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March 21, 1929 - Image 3

Resource type:
Text
Publication:
The Michigan Daily, 1929-03-21

Disclaimer: Computer generated plain text may have errors. Read more about this.

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INEEM N 10 ILFEDE RALS CON+TIN UE STEADY ROU7T OF INSURGEN'dTS C!3YOOYLL0UDNSIOBEH
rvrnu Ihat "bootlegging in[ nes
."...' AL ALK education",e consisting in the lea ae

OF FOREIGN
ALTED BY PLAN
>tand English,'arnd in s uc h
of delinquency, admission is

Edmonson, Morris, Curtiss To Talk
On Twenty-Sccond Michigan
Night Program
UNION ORCHESTRA TO PLAY
Talks by three members of the
University. faculty and a musical
program to be presented by the
Union dance orchestra will com-
prise the 22nd Michigan Night
radio program to be broadcast be-
tween 7 and 8 o'clock tonight from
the Morris hall studio through
WJR, the "Good Will Station" of
the Richards Oakland company,
Detroit.
James B. Edmonson, dean of the
School of Education,. professor of
secondary education, and director
of the Division of University in-,
spection of High Schools, willI
speak on the subject-"TheOldI
Versus the, New in. School Educa-
tion."
The second talk of the program
will be delivered by Prof. Amos R.
Morris of the rhetoric department.
Professor Morris, author of "The
Orchestration of 'the Metrical

Under the auspices of the College

entrance of foreign students into iu Uy the uiveiies, omen
after the candidate has come to
the United States in violation of I America, either surreptitiously, or

of Architecture Prof. JohnnyRoos-the Immigration Act of 1924, may in a legal manner, the plan will be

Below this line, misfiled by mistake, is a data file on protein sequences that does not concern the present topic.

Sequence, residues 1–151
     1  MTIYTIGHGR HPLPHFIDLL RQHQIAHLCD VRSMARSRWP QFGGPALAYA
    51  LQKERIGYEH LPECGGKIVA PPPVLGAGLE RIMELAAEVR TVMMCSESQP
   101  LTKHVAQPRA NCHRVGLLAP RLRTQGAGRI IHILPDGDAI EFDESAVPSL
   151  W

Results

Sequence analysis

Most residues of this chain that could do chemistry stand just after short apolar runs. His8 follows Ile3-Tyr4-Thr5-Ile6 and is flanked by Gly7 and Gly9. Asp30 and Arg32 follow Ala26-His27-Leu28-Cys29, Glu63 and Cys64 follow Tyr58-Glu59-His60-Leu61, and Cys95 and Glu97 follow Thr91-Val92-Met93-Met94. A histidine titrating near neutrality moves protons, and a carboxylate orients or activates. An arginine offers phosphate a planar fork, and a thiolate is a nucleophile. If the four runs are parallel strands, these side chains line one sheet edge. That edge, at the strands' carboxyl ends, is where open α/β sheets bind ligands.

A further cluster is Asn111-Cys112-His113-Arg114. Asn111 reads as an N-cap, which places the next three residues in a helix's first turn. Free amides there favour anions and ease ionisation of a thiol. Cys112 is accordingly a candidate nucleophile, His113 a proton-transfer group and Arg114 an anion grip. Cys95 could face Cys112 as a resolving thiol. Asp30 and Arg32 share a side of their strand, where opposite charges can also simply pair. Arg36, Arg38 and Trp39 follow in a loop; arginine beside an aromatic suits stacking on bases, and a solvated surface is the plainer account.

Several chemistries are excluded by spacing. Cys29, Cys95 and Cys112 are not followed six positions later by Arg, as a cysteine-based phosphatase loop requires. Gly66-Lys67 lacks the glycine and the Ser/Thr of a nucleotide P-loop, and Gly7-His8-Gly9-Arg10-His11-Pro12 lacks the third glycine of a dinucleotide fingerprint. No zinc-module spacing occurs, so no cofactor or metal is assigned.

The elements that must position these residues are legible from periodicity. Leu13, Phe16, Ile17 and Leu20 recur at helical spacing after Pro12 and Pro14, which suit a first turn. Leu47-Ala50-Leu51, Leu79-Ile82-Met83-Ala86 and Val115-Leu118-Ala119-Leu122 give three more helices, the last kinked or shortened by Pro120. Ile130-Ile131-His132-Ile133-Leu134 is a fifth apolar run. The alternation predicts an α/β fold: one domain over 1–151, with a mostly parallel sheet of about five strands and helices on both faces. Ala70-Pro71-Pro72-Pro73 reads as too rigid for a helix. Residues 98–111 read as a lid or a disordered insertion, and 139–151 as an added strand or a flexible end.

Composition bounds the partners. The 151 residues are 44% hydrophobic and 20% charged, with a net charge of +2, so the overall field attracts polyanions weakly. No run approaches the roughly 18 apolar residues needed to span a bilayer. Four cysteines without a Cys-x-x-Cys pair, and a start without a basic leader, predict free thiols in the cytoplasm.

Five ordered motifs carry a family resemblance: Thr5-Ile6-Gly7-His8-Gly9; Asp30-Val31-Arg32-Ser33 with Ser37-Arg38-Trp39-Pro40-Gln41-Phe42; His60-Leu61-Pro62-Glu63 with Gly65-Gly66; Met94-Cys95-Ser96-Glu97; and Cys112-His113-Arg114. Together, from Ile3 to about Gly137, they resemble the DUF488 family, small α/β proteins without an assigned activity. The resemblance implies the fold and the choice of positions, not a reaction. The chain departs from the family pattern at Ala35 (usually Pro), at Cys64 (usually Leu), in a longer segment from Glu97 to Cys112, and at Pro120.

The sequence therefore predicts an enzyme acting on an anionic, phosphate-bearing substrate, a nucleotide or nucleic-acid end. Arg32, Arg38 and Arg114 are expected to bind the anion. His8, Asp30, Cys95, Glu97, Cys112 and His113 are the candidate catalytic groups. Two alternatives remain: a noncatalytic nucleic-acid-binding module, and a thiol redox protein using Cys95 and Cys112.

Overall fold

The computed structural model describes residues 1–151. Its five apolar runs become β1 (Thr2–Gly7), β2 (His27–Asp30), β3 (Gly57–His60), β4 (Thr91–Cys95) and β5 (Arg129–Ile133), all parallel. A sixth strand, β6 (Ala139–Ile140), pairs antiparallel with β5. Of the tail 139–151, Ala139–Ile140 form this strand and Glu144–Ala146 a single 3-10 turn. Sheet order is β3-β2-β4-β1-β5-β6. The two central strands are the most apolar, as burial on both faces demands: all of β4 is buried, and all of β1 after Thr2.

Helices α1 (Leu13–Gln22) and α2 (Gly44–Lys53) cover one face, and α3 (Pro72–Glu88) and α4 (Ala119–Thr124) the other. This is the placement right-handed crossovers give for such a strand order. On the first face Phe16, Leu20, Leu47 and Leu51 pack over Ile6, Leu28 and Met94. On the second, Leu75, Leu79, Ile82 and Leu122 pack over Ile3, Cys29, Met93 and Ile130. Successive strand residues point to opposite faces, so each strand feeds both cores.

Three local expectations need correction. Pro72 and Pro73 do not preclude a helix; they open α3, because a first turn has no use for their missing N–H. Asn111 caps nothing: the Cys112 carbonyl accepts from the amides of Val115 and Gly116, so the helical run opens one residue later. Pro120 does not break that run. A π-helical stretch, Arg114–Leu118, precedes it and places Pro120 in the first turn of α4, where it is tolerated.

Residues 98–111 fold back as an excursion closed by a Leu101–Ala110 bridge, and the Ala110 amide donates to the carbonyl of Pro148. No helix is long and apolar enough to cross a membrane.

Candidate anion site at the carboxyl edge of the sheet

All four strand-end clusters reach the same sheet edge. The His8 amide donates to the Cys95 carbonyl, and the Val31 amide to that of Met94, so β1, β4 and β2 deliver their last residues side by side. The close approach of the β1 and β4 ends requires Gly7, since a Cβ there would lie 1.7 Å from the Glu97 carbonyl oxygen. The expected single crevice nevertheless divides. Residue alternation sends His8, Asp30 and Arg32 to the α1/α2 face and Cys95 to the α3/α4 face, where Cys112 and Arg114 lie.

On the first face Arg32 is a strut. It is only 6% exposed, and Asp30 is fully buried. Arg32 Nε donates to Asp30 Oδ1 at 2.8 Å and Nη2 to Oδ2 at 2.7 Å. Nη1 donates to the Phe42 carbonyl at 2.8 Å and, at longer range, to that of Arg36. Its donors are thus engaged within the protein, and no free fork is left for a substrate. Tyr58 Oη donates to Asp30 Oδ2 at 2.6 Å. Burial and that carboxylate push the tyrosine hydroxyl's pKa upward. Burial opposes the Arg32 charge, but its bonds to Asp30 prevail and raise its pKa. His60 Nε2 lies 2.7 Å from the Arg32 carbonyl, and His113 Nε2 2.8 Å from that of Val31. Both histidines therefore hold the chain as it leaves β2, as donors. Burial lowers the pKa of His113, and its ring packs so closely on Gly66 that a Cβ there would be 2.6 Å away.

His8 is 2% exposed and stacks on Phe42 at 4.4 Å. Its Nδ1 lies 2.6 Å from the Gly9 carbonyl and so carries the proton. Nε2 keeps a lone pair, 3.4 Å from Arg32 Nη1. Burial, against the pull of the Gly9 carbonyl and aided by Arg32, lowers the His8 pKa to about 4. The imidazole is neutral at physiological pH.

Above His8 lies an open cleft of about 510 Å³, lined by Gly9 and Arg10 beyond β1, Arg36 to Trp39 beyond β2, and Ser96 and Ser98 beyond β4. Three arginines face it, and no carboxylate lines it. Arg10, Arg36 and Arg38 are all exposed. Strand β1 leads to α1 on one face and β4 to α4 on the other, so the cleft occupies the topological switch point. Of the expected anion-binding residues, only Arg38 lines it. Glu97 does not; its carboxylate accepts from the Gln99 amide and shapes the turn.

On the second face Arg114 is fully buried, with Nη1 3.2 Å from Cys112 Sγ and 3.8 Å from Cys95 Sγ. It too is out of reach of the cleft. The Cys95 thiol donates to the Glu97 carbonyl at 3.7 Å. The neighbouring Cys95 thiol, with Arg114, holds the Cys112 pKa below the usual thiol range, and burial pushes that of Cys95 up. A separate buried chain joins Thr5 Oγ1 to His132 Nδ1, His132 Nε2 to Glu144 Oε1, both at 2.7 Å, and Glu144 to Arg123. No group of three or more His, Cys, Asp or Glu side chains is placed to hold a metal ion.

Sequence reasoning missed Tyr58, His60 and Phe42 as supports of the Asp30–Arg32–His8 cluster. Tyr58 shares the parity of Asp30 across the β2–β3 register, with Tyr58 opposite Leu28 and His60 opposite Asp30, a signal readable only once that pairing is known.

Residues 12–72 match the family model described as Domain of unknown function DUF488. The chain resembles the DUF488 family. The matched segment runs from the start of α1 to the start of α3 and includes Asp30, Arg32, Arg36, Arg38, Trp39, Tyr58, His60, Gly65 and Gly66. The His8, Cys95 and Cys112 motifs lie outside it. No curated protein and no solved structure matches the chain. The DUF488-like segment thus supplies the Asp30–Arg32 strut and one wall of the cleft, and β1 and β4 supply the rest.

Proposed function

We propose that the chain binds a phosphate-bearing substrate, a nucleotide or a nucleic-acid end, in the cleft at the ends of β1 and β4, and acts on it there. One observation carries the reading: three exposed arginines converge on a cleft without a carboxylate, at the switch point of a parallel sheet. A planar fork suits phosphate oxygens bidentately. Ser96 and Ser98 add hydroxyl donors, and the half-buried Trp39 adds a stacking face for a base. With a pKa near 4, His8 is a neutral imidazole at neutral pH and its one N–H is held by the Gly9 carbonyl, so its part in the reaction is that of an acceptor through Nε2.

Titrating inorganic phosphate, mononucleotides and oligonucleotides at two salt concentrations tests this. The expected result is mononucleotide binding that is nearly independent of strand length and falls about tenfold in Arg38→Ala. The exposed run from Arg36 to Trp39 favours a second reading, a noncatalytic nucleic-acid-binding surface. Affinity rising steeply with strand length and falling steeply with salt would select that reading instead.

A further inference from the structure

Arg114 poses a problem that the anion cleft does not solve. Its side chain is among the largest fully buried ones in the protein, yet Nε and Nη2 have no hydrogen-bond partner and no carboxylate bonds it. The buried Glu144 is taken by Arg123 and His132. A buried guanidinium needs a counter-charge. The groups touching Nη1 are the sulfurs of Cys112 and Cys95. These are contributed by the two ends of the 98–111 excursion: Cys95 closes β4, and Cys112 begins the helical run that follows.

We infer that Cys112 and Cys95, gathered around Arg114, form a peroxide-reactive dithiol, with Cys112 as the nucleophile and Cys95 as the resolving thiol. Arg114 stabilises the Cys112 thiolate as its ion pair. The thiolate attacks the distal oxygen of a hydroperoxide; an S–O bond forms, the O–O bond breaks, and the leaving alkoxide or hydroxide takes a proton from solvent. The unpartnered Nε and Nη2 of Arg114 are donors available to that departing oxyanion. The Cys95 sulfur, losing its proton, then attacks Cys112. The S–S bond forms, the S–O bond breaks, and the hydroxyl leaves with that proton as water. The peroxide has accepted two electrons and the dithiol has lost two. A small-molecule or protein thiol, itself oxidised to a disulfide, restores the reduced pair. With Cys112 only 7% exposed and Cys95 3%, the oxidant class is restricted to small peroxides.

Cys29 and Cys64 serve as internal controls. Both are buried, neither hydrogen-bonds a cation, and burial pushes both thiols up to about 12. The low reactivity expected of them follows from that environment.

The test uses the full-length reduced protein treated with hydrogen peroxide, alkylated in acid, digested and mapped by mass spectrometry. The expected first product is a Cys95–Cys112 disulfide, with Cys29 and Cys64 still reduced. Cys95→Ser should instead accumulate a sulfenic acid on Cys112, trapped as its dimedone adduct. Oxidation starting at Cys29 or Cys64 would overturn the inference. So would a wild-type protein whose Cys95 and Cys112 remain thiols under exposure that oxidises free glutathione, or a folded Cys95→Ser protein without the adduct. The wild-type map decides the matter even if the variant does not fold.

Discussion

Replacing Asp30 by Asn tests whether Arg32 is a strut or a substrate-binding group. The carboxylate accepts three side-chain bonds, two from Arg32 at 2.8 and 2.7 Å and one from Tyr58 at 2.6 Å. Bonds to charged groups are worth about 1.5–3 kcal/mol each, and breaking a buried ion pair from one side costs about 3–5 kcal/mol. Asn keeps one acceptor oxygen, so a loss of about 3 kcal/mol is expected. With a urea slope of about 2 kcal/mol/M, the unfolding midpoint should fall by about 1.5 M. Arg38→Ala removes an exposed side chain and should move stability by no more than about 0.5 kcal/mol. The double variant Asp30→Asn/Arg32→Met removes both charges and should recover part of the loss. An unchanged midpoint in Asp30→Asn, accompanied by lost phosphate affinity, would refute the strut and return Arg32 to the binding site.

of t University of Stockholm be further curbed, a committee of in the form of a test to determine
will deliver three lectures at 4:15 the College Entrance Examination the candidates' aural and speaking
on the afternons of March 25, 26, board will meet next Saturday in knowledge of English.
New York for the purpose of en- While a majority of the foreign
and 27 in th' ground floor lecture- larging a plan whereby the tBoard students are from Europe, a for-
room of the: architectural building. will sponsor English comprehen- midable percentage of them are
He was expected to speak here last 'sion examinations in various cen. from other parts of the world. It
'ters of the world. is planned, therefore, to establish
hisy visituntl' now. The lecturer The direct impetus of this action centers of exafnination at certain
has just completed a course of lec- was due to the inability of the favorably located cities. To these
tares at Princeton university customs officials to effectively limit points the candid'ates may .come
ur a P the number of non-quota immi- for the test. If they competently
The srAbjects. whieh Professor grant students by regulating the pass the 'examination, an admis-
Roosval will present are "Roman- number of visas issued. In the sion card will be granted to the
esque Pchitecture in Sweden and year immediately following the in- applicant,- which will be his sole
DenmfArk," "Mural Painting in stigation of the immigration act means 'of gaining admission to any
Swed ish Churches," and "Sculpture an increase of almost 200 foreign accredited American University.
of spain and Southern France in students was evinced by -the ad- ' Ira M. Smith, 'registrar of the
h': Eleventh and Twelfth Cen- mission records of the accredited University, is a member of the
,dries" respectively, on the three American Universities. committee which will meet next
days. Accordingly, a plan has been for- ,Saturday at New York, and has ex-
Professor Roosval is in charge of mulated, which will enable the ad- pressed an opinion heartily in favor
the Zorn collection at the Univer- mission officials of the Universities of the proposed 'plan to quelch sur-
sity of Stockholm and is also en- to determine the competence of reptitious "bootlegging in educa-
gaged in.research activity. His re- foreign applicants for college en- tion".